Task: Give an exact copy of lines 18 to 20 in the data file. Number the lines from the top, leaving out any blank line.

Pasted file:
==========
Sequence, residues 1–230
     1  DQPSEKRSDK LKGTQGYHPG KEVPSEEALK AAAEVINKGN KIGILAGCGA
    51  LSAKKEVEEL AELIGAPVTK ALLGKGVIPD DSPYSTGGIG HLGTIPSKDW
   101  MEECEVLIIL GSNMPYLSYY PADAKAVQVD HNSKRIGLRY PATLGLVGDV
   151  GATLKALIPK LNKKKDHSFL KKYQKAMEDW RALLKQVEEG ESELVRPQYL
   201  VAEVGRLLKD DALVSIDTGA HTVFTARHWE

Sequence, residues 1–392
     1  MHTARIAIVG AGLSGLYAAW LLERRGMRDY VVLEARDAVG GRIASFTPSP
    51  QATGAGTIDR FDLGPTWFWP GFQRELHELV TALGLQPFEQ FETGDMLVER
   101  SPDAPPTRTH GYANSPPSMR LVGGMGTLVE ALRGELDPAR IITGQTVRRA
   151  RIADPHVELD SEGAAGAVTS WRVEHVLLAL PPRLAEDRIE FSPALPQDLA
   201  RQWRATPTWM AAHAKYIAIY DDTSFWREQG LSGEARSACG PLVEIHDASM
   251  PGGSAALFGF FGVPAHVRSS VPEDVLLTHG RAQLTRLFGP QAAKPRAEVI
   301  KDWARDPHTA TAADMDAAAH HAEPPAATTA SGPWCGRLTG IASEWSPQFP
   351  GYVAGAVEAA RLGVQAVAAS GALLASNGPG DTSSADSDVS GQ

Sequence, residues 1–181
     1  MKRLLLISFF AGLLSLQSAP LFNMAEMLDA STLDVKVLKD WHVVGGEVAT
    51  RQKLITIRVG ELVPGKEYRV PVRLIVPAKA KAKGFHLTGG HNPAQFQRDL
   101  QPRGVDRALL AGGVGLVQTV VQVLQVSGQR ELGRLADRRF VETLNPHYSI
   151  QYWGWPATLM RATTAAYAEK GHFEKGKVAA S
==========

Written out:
    51  RQKLITIRVG ELVPGKEYRV PVRLIVPAKA KAKGFHLTGG HNPAQFQRDL
   101  QPRGVDRALL AGGVGLVQTV VQVLQVSGQR ELGRLADRRF VETLNPHYSI
   151  QYWGWPATLM RATTAAYAEK GHFEKGKVAA S